Clearer picture of digital rollout seen
Thousands of households that rely on television antennas here began receiving better-looking programming Monday, as the coastal city became the nation’s first to switch to all-digital TV signals.
But Vivian C. Brown didn’t get the picture.
The 79-year-old had heeded the barrage of announcements urging viewers like herself to receive a $40 government coupon and buy a special converter box to receive the clearer signals. But she couldn’t figure out how to set it up.
“I’m a nervous wreck, just trying to get it going,” she said.
Fortunately for her, federal and city officials had arranged for Wilmington firefighters to help out, with the bonus of being able to check for working smoke detectors. Assistant Chief Frank Blackley, who lives nearby, went to Brown’s pale-green single-story house at the end of a sandy driveway lined with magnolia trees -- and had her watching “The Oprah Winfrey Show” within minutes.
Such scenes will offer valuable lessons for Los Angeles and other cities as the rest of the country prepares to shut off analog signals and go all-digital in February. The government-mandated move will free up more airwaves for public safety and wireless services.
Whether Wilmington, the nation’s 135th-largest media market, serves as a great test for major metropolitan areas such as Los Angeles remains to be seen. Inspector Ron Haralson of the Los Angeles County Fire Department said it would be difficult to send firefighters to help senior citizens hook up converter boxes.
“We have a lot of seniors,” he said.
But the Federal Communications Commission said Monday that it had already learned from Wilmington’s apparently successful transition about how to reach vulnerable groups that depend on free over-the-air TV.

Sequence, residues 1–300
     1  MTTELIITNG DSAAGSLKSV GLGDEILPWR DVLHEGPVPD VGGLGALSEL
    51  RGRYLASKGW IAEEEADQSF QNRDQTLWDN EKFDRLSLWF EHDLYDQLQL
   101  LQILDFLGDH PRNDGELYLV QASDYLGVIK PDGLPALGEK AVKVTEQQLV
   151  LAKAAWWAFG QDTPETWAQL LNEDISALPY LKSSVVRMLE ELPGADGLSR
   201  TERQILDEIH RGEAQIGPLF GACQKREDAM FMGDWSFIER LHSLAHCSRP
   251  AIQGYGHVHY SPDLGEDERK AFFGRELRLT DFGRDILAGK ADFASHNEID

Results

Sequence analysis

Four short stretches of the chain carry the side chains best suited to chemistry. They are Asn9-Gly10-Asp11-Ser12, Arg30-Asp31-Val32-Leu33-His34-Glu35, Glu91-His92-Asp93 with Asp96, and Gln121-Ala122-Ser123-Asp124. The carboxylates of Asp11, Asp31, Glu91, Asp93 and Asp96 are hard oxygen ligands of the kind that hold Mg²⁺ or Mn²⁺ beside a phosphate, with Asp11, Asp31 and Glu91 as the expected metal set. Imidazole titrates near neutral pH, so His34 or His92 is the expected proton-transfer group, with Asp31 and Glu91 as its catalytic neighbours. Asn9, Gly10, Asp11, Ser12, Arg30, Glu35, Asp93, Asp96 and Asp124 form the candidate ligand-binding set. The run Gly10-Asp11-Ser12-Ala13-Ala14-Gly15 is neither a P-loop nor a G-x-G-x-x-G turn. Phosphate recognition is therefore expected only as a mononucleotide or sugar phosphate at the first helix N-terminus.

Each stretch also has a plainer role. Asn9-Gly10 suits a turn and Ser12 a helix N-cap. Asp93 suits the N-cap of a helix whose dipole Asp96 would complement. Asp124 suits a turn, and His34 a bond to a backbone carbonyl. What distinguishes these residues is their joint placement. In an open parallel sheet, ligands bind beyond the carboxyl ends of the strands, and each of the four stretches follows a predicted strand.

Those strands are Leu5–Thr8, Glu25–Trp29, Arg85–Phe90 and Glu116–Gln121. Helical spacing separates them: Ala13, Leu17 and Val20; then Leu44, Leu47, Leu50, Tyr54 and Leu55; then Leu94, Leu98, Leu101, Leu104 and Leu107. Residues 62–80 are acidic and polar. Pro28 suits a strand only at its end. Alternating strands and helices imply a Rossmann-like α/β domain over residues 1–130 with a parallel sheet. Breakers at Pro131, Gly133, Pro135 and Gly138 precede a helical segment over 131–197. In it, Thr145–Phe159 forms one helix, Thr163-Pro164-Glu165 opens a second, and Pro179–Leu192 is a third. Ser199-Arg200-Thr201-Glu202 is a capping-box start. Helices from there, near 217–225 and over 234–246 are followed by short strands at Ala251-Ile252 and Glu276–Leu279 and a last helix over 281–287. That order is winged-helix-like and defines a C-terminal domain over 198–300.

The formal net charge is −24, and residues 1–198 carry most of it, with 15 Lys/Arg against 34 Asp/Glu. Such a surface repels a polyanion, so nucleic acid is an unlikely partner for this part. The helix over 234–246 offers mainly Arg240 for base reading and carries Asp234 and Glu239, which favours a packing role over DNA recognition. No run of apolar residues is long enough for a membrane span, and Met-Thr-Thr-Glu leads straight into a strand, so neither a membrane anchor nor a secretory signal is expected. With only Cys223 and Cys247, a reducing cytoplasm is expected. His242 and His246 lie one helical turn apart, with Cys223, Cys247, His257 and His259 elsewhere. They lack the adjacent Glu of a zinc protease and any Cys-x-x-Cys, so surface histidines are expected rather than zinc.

“The success of Wilmington is not what happens at 12 noon today when we flip the switch,” FCC Chairman Kevin J. Martin told a festive gathering at City Hall awaiting what’s been dubbed here The Big Switch. “The measure of success . . . is what’s going to happen next February and what we’re going to be able to learn from what occurs here in Wilmington that we can take around the country.”
At noon, Martin and Mayor Bill Saffo flipped a symbolic 7-foot-tall switch, and broadcasters stopped their analog programming. There appeared to be few widespread troubles. Several hundred people called the local TV stations or a toll-free FCC number to report problems as of Monday night, with many complaining that they couldn’t get their converter boxes to work.
“Once you talk them through this and they get their picture, voila, they’re happy campers,” said Gary McNair, general manager of WECT, the local NBC affiliate. The FCC plans to analyze the results of the test and report to lawmakers this month.
Congress ordered broadcasters to give up their analog channels and start broadcasting only in digital to free up more airwaves for public safety and wireless services. The more efficient digital signals offer sharper pictures and allow broadcasters to air several programs at the same time on one channel.
Cable, satellite and phone company TV viewers should not be affected. But the approximately 12% of U.S. households -- 8% in Wilmington -- that rely on rabbit ears or rooftop antennas need to get a new digital TV set or a converter box.
Joe Porter, 66, of Wilmington went to Wal-Mart on Monday afternoon to buy two boxes for older spare TVs in his house. But he found an empty shelf. After selling 434 boxes last week, the store ran out Sunday, electronics manager Chuck Myers said. A shipment of 232 was set to arrive Monday night.
The shortage highlighted another goal of officials before the February conversion -- get people to act early.
Brown didn’t wait until the last minute. She bought her converter box three months ago.
“The way they told it on the TV all the time was you just hook it up to your antenna,” Brown said. “It’s not that simple.”
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